Saturday, April 11, 2009

John Cage and Freedom

I started a painting yesterday, and it got me thinking about the approach to one's artwork in general. To preface this, let me explain that there are two types of painters: broad brush painters and fine brush painters (okay, so if you count Jackson Pollack and preschoolers everywhere, I guess there can be "no brush" painters as well). Me, I'm a fine brush painter, meaning that my paintbrush never gets bigger than a half-inch wide. Preferably, my brush is so small that one can hardly tell it's a paintbrush and rather sees a stick with three tiny bristles poking out of it. Why do I like such a small brush on even a 30''x40'' canvas? It's all about control, my friends. When my brush is that small, I have maximum control and can make everything look exactly the way I want it to with my nose one inch from the canvas (no kidding. really, I've gotten paint on the end of my nose before).
So what does this have to do with Cage? Well, Cage has come to represent everything that makes me uncomfortable as an artist. Definitely not a fine brush painter. Beethoven was a fine brush painter. The fine brush gives the power of manipulation, a power that Cage was eager to relinquish. But I don't think that Cage was even a broad brush person. Maybe a "no brush" person with a blindfold, or maybe a "no paint" person that makes people really think about his painting. What I'm trying to point out is that Cage didn't work within conventional confines of music, and as he did so, he relinquished all control over his medium. For many artists, that's scary. Whether you want it to be or not, artwork is a reflection of the artist. Even Cage, as he stove to remove himself as much as possible from his music, is reflected in his work. His choice to take himself out of it is directly related to how people see him in it. So to relinquish all control one has over it is a big step, or rather a ludicrous one. Then again, it is also the most liberating...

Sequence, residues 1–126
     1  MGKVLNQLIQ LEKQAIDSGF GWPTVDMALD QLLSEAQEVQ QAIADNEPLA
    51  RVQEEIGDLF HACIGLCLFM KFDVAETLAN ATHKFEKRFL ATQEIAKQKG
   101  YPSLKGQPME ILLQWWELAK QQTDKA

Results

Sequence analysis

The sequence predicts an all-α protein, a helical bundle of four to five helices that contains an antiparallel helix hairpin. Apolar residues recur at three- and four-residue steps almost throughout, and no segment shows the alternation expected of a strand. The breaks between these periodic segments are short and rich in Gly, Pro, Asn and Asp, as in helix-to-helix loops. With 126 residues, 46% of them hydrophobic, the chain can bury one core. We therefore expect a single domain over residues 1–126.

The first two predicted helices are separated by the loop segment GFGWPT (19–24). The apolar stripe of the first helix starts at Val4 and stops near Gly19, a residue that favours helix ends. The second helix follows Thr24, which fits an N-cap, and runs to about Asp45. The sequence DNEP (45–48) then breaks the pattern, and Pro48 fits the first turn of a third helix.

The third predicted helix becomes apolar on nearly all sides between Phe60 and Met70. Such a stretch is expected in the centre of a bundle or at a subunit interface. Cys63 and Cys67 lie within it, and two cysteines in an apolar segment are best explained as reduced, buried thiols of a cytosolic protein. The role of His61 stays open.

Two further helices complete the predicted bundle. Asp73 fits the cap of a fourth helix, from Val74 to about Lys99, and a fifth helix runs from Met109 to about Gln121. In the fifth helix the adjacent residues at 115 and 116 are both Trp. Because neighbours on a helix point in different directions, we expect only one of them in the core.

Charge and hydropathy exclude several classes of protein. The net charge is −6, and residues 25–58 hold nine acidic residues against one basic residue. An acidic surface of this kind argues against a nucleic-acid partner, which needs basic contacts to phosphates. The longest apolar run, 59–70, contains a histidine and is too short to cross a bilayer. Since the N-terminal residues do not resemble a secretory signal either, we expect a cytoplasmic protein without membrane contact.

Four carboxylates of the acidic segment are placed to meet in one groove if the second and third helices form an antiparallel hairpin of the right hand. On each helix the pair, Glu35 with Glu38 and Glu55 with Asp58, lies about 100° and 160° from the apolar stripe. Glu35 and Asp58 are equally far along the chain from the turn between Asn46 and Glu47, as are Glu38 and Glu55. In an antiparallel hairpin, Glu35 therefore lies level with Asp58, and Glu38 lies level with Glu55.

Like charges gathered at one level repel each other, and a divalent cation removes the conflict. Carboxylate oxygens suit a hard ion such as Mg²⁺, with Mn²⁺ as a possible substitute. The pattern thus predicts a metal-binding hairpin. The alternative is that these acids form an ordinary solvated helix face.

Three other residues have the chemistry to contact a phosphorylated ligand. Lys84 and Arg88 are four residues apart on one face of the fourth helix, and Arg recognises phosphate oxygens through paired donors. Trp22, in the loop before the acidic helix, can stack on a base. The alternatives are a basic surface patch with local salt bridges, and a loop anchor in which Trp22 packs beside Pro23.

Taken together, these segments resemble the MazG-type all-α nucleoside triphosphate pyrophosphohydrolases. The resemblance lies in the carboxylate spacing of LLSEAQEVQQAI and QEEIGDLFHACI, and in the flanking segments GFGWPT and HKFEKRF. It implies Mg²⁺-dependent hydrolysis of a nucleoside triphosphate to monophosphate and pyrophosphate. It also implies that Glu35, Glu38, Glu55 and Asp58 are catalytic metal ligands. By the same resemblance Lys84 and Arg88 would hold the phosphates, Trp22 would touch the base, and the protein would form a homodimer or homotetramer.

I think one of the reasons that so many people are intimidated by Cage's work, that so many people just "don't get it" is because they can't bring themselves to understand a person to relinquish that kind of control. Or rather, perhaps these people are themselves afraid of the kind of freedom that comes with that. I, for one, don't think that I could do a painting with a larger brush -let alone do it blindfolded. That lack of control, that sort of freedom, really scares me. It's uncomfortable. And I think that's the response many people have toward avant guard music, in general -especially that of a composer who so heavily relies on chance and indeterminacy. To throw all caution to the wind and just see what happens, to allow the world to see you in your art without having exercised control over its finer points, is scary.
For that, I have to admire Cage as an artist. He's braver in this respect than I could ever be. And more free as well.

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